Yearbook 2007

Ashwell yearbook 2007 museum report

By Peter Greener

For inclusion in the Year Book 2007 from Ashwell Village Museum

 

The year at the Museum started with us working towards an exhibition entitled ‘Everything you ever wanted to know about Clay Bats’. Clay Bats are large bricks made of a mixture of chalk and clay which is then left to dry in the sun. The work on the Thatched Wall in Gardiners Lane (which is mainly cob construction but has been repaired with new Clay Bats) prompted us to look at this traditional form of building in the village. The Society for the Protection of Ancient Buildings became interested and in April we ran a course covering the practical and historic side of Clay Bats. We looked all around the village and were greatly surprised by the number still surviving.  I used to think of Ashwell as a timber frame and plaster village but now everywhere I go I see clay bats; not only in walls but also some very fine houses and even the Village Hall. In fact if a building was erected between 1840 and 1900 it is very likely to have some clay bats in its construction.

 

People are always very kind in donating treasured possessions and we are always interested in collecting anything of any age as long as it has a connection with Ashwell.  Some of the things that have come in during 2006 are: 6 medals awarded to Pte W H E Knights – He was a machine gunner in the First World War and lived in a cottage opposite The Engine in Back Street. A Boot Scraper made by W Bean, the blacksmith who worked at ‘Smithy Cottage’ in the High Street. A sturdy table with a brass plate inscribed ‘In grateful memory of Mr Silas Worboys, A faithful member of this Church at Ashwell and a local Preacher of the Biggleswade Methodist Circuit for 72 years’. I presume this came originally from the now demolished Wesleyan Chapel but it ended up in Steeple Morden Methodist Chapel. When this closed in June they kindly offered it to us. And finally something completely different - a full bottle of ‘Christy’s Quinine Tonic Water’ made in Ashwell but I am afraid now missing some of its fizz.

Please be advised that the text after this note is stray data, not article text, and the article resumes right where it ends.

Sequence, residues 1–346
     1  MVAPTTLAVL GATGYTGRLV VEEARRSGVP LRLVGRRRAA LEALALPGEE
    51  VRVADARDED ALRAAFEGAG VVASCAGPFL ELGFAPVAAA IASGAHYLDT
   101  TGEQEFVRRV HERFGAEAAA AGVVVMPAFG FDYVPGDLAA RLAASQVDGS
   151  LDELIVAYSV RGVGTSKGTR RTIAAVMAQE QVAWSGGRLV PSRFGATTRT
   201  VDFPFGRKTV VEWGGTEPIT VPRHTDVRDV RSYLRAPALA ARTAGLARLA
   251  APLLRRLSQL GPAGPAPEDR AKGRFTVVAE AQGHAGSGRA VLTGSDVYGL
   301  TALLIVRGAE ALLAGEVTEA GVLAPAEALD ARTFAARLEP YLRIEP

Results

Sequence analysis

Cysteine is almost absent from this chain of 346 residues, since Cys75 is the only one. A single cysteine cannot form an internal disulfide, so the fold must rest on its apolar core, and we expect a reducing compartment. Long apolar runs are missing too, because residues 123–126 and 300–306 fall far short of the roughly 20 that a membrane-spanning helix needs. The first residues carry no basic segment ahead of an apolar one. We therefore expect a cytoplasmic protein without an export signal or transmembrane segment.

The year has seen a resurgence of interest in family history and we have had many enquiries. Although as yet we do not keep specific genealogical records it is always pleasing when we can find something that for some reason has passed out of the family and been preserved by us. It may be just a photograph of ‘Uncle Joe’ but we have also been able to come up with such treasures as apprenticeship indentures and embroidery samplers from old family members. Other researchers we have been able to help have been looking into Oil paintings in Hertfordshire, The War Memorials of Sir Edwin Lutyens and old Spectacles.

 

All these services have only been made possible by the continuing work of a band of volunteers who are documenting, preserving and displaying the collection in a way that makes everything more accessible.  This work carries on regularly on Monday evenings and Thursday afternoons - do drop in if you are interested.

The Monday evening sessions have just expanded with the formation of the Ashwell Museum History Group. The museum, with the help of David Short, will act as a resource and contact centre for anyone wishing to look into any aspect of Ashwell’s past. It is hoped that some publications and a community archive will develop from this initiative.

 

Last but not least can I mention Senuna and the Ashwell Hoard? There will soon be a comprehensive display of the latest findings and on 26th April 2007 there will be an event to mark the presentation to us by the British Museum of something very special. Keep a lookout for more details.

 

Peter Greener

Hon Curator

Tel: 742956

peter.greener@care4free.net

 

 

 

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